From Acapulco, Mexico, at a meeting of the American Geophysical Union
Field tests suggest that newly hatched sea turtles need a variety of senses, not just sight, to find their way to the ocean.
The female black sea turtle (Chelonia agassizi) buries her eggs in sand 100 meters or so from the shoreline. As soon as the hatchlings emerge, they head for the water. Most previous studies of how these young creatures find their way into the surf have focused on the role of visual cues such as moonlight, says Gabriel Gutiérrez-Ospina, a neurobiologist at the National Autonomous University of Mexico in Mexico City. However, the results of his group's experiments now suggest that other senses help the turtles set off in the right direction.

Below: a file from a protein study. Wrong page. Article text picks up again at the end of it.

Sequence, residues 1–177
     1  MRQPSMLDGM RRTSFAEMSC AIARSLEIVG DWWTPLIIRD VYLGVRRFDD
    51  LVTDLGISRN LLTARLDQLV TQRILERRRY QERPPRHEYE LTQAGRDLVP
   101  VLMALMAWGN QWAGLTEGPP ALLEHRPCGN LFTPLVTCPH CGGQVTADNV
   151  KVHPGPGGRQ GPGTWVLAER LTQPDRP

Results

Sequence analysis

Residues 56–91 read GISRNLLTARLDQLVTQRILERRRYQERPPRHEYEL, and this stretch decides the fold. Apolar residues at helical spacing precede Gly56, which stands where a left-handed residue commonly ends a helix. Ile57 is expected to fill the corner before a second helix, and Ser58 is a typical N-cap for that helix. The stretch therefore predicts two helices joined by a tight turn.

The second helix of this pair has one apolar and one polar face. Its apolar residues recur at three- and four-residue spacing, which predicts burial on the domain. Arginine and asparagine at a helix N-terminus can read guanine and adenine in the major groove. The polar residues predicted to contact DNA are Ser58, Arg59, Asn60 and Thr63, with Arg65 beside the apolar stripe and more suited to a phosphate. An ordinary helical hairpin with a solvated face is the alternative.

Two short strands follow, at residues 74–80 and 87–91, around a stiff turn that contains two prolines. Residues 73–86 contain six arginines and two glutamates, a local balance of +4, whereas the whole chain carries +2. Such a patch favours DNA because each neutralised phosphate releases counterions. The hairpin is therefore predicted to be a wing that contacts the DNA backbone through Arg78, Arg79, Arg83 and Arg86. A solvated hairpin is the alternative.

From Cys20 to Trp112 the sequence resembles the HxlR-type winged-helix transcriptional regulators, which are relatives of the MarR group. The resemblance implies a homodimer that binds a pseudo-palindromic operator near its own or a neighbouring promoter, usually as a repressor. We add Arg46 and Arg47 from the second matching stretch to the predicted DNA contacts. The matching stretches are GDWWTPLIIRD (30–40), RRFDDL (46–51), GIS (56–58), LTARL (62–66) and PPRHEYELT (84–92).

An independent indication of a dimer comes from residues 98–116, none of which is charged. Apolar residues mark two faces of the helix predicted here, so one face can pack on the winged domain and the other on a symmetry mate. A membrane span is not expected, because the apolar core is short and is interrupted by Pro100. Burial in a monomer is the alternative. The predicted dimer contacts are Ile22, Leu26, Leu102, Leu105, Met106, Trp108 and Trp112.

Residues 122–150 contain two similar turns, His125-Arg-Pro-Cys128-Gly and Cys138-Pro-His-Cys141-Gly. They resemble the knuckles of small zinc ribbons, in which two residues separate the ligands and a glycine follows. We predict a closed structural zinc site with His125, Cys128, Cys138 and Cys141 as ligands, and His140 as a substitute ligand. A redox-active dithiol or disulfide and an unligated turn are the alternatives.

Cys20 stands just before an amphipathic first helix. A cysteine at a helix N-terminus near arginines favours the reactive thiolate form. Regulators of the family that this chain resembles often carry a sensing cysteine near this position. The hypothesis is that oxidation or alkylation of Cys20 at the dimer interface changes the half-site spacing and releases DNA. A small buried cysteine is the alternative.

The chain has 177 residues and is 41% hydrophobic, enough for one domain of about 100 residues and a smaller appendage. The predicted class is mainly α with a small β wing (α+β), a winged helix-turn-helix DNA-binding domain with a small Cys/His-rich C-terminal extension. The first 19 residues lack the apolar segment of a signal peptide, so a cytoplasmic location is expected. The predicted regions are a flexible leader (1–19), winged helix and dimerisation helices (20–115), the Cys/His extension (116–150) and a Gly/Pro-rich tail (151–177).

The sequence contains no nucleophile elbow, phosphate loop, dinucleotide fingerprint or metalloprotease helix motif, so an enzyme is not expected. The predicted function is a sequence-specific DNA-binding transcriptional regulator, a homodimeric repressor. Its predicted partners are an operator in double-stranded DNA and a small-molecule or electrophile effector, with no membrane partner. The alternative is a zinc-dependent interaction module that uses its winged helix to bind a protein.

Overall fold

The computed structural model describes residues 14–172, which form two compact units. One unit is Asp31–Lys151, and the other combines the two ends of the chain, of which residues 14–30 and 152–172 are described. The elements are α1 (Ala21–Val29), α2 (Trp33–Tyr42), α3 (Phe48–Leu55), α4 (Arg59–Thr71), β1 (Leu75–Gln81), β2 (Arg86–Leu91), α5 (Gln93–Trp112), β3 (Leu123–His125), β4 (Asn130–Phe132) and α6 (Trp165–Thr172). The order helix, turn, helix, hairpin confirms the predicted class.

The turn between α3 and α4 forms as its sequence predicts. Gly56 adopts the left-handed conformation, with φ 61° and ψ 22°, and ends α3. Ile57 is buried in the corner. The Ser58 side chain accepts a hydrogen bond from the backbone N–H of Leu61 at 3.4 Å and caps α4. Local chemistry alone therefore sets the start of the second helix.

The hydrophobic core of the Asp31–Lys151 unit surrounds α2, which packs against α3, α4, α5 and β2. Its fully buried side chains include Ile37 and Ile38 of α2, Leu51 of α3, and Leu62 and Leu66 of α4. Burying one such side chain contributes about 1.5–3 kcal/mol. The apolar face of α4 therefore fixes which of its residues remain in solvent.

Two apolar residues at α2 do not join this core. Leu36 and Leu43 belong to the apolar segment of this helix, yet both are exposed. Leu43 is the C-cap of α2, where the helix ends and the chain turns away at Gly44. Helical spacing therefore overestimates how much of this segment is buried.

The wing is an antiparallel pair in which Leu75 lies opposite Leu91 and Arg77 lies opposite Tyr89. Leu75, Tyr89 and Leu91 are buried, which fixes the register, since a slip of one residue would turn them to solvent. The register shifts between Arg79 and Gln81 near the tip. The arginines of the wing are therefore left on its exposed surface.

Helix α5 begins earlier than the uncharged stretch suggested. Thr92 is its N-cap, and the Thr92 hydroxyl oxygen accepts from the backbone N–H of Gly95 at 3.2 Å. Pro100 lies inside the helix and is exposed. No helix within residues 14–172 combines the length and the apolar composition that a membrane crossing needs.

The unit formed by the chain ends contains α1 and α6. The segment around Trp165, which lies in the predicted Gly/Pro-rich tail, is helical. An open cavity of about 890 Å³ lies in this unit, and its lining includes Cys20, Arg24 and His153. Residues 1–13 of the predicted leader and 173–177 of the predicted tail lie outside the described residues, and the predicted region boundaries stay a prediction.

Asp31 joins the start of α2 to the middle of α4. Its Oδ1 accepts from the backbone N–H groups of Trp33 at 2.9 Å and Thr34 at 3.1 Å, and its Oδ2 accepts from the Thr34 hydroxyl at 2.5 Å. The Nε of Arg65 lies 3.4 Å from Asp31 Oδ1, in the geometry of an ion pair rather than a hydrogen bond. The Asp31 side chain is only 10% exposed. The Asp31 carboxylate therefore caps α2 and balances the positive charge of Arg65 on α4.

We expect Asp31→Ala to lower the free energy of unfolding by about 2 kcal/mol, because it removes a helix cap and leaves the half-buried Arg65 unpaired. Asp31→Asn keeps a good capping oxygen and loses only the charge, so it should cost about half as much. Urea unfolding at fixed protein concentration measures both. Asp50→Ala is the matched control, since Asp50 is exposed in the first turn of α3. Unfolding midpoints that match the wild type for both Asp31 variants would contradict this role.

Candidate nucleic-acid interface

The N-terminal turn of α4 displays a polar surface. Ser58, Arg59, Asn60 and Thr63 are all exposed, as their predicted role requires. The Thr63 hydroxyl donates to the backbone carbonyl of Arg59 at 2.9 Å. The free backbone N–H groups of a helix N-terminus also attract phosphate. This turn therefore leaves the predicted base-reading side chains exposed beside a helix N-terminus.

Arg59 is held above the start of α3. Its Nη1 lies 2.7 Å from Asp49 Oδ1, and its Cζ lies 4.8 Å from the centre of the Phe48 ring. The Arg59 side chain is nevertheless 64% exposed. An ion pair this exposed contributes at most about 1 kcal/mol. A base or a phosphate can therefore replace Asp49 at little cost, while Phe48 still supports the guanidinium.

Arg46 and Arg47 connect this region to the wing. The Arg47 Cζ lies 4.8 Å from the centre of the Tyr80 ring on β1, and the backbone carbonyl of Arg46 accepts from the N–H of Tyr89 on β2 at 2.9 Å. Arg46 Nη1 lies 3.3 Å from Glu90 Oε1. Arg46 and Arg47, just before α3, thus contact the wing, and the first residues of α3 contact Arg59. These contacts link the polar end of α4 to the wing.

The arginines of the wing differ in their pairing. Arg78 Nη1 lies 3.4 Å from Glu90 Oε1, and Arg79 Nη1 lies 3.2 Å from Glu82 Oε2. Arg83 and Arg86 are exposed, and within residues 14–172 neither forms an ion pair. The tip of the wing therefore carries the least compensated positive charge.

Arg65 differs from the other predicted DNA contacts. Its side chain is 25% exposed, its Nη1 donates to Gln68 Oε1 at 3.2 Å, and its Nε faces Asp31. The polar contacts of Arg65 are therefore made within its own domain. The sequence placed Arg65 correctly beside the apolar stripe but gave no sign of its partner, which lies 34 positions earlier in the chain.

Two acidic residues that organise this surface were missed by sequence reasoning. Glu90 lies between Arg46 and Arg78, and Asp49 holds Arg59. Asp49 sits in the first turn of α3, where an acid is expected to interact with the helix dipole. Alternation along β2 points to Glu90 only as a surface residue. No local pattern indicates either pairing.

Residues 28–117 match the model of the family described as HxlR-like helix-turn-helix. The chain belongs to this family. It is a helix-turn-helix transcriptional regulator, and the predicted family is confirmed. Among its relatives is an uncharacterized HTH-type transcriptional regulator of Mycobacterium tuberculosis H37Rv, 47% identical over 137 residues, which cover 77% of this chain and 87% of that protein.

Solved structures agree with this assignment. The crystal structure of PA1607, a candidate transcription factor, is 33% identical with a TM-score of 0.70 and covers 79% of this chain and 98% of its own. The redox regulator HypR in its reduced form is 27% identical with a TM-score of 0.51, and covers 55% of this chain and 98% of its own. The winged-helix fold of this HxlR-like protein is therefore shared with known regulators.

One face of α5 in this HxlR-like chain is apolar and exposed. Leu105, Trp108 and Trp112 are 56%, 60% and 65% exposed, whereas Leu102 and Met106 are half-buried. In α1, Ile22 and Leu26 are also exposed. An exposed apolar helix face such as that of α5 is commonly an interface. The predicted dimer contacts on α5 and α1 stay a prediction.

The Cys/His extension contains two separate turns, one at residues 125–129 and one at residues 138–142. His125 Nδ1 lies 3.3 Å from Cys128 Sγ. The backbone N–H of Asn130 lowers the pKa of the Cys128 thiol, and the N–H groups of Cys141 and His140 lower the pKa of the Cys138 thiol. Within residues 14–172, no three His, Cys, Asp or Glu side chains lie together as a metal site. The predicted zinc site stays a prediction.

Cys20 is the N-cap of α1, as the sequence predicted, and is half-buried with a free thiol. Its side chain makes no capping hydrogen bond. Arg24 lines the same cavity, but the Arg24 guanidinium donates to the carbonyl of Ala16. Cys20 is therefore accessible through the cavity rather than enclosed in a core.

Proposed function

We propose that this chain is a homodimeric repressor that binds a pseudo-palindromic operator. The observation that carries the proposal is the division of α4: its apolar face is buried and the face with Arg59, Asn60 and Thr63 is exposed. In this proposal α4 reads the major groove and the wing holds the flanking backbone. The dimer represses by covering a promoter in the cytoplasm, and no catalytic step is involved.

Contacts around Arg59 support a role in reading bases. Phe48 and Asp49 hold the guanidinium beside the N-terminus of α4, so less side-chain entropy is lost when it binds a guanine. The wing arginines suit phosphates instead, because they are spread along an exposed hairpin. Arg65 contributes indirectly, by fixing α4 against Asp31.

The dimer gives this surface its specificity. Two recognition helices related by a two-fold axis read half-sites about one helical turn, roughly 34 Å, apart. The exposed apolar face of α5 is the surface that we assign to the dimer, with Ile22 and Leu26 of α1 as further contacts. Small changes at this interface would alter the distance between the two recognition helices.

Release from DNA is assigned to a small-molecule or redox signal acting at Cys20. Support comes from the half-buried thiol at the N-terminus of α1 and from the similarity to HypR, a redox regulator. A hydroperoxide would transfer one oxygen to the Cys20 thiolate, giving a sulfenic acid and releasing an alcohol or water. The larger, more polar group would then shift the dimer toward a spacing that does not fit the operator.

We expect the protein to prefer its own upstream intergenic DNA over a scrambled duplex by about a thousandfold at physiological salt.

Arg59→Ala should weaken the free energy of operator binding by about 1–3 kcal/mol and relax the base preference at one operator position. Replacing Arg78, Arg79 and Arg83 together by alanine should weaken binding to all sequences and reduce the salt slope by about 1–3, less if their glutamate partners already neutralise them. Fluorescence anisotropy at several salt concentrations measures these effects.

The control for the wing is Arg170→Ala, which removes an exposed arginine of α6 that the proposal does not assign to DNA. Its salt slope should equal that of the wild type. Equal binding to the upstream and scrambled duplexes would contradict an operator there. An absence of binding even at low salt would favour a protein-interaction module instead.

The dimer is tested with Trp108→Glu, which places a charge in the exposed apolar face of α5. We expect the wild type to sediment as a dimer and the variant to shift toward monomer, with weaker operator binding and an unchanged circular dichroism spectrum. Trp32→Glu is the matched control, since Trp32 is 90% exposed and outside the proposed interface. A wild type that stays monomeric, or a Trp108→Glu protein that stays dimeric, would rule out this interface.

The 15 turtles in the experiment's control group, which were allowed to crawl across the beach unhindered, made the 120-m trip in an average of just over 15 minutes, says Gutiérrez-Ospina. During the night